U.S. Housing and Urban Development (HUD) Secretary Shaun Donovan today announced nearly $37 million in disaster recovery aid to the City of Moore, Oklahoma and to the State of Oklahoma to help local communities recover from a devastating spate of storms, including a powerful tornado that struck Moore on May 20th. These grants are provided through HUD’s Community Development Block Grant (CDBG) Program to support long-term disaster recovery efforts in areas with the greatest extent of ‘unmet need.’
The City of Moore will receive $26.3 million to supplement other forms of public and private disaster aid following May’s powerful EF5 tornado with its winds exceeding 200 miles per hour. In addition, the State of Oklahoma will receive $10.6 million to support local recovery efforts following these powerful storms that occurred from May 18th through June 2nd.
“These powerful tornadoes laid waste to a number of Oklahoma communities, destroying homes, businesses and critical infrastructure beyond the limits of private insurance and other forms of public assistance,” said Donovan. “HUD is continuing to work closely with state and local partners to help them meet these remaining needs and promote locally driven recovery strategies.”
Oklahoma Governor Mary Fallin added, “The May storms cost the lives of dozens of Oklahomans and over $1 billion in property damage. We are steadily rebuilding, but many families are still struggling to get back on their feet. The disaster relief grants provided by HUD – along with continued work from state and local governments and non-profits – will make a big difference in the lives of those affected by this year’s tornadoes. They will be particularly helpful as we work to provide assistance to low income Oklahomans, many of whom are uninsured.”
Rep. Tom Cole said, “Today’s HUD announcement of additional relief funding is one that brings hope to thousands of Oklahomans whose homes and businesses were destroyed by the horrific tornadoes in May. I am pleased by the generous grant provided by HUD to help our state and my hometown of Moore restore lost homes and businesses and repair broken infrastructure. Because of the committed work of Secretary Shaun Donovan and numerous groups and individuals across the country, disaster recovery in Oklahoma continues to look better each day.”
The Disaster Relief Appropriations Act of 2013, signed into law by President Obama on January 29th, included $16 billion in CDBG-Disaster Recovery funding. Eight days later, HUD announced a first round of aid totaling $5.4 billion to five states and the City of New York impacted by Hurricane Sandy. Last March, HUD allocated a second round of assistance totaling $514 million to a number of state and local governments to recover from disasters that occurred in 2011 and 2012. The Department will announce additional allocations throughout the year based upon the level of remaining needs to help other states and local communities impacted by natural disasters in 2011through 2013.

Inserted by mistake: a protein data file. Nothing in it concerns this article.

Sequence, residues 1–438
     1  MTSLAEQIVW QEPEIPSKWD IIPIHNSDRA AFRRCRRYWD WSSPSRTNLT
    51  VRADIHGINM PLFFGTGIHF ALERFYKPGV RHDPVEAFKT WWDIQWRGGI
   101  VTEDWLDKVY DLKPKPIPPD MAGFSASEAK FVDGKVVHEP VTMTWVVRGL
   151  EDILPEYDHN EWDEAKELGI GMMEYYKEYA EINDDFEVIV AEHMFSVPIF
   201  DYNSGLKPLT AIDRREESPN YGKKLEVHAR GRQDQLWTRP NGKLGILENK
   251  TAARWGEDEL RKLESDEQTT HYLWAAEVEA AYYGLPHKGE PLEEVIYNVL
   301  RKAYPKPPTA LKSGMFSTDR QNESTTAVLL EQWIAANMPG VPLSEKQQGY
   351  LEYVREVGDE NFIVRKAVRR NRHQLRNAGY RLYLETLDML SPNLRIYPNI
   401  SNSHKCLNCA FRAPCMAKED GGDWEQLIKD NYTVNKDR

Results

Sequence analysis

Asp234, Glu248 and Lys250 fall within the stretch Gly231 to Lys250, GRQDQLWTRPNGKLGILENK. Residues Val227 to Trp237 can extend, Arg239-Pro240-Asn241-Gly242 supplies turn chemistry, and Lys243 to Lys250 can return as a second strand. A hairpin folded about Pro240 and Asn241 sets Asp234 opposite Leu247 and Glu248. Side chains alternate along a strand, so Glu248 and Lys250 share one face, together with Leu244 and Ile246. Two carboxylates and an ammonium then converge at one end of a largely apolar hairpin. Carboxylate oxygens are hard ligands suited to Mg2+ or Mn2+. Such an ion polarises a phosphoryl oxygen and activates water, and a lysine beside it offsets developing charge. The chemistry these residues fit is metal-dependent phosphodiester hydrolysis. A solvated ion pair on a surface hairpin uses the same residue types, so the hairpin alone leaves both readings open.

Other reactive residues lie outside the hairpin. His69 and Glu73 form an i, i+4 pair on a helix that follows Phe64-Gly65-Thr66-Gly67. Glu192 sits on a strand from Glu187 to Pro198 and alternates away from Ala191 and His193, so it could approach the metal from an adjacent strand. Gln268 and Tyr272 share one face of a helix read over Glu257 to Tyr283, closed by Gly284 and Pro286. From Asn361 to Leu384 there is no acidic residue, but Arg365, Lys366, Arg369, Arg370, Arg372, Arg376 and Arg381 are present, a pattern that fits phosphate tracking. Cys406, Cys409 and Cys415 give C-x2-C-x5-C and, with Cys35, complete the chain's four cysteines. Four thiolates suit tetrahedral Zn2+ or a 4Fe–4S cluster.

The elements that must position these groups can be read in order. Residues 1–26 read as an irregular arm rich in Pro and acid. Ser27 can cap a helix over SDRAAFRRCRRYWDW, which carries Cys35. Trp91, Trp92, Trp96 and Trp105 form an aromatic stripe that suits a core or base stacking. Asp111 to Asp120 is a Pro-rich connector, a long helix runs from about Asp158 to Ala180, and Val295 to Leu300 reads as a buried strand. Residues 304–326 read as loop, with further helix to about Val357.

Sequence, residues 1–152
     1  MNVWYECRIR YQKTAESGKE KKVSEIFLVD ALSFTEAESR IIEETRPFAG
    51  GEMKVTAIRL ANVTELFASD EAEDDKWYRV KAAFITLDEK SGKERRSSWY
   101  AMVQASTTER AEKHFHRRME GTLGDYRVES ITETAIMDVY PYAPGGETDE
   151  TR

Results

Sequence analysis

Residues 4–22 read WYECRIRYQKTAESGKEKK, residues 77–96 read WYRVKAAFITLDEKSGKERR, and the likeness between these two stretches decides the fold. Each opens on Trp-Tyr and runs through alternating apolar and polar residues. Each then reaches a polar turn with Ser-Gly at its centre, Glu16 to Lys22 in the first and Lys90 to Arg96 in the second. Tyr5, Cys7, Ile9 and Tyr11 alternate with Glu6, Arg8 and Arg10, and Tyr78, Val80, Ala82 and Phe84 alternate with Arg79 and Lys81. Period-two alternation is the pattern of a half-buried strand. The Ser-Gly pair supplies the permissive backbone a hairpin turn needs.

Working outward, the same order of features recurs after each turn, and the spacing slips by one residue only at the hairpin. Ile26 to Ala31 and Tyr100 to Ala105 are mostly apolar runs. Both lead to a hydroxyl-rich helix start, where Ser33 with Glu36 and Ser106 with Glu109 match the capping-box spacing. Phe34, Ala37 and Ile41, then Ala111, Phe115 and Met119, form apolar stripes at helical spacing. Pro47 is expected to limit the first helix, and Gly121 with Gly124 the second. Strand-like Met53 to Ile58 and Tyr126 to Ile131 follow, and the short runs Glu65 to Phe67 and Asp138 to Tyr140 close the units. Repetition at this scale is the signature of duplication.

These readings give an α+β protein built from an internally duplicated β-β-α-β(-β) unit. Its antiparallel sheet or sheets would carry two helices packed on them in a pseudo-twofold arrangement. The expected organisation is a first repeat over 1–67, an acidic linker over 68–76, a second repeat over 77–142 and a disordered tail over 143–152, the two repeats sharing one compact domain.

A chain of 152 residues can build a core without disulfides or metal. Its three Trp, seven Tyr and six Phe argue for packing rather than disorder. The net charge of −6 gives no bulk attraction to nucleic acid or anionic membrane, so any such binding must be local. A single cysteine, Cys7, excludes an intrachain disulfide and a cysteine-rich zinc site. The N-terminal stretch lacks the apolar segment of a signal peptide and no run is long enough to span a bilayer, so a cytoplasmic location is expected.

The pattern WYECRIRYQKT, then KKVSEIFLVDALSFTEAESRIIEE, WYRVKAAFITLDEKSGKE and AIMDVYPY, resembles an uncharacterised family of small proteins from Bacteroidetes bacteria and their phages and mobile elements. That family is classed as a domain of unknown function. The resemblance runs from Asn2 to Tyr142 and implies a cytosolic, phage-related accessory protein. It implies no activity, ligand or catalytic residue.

HUD’s CDBG-Disaster Recovery grants are intended to confront housing, business and infrastructure needs beyond those addressed by other forms of public and private assistance. Using a combination of data from the Federal Emergency Management Agency (FEMA) and the Small Business Administration (SBA), HUD identified those states and local requiring the greatest assistance to recover from devastating tornadoes, tropical storms, hurricanes, flood events and destructive wildfires in 2011, 2012, and 2013.
HUD is required to use the best available disaster data in order to determine the relative level of ‘unmet needs’ in areas impacted by presidentially declared disasters that occurred in 2011, 2012 and 2013. As more disaster data becomes available, HUD will make additional CDBG-Disaster Recovery allocations to these impacted areas to assist in their long-term recovery activities, if deemed necessary. HUD will shortly publish a Notice that will regulate the use of the funds announced today. State and local grantees will then finalize disaster ‘action plans’ describing how they intend to expend these funds to support disaster recovery and HUD will quickly review them.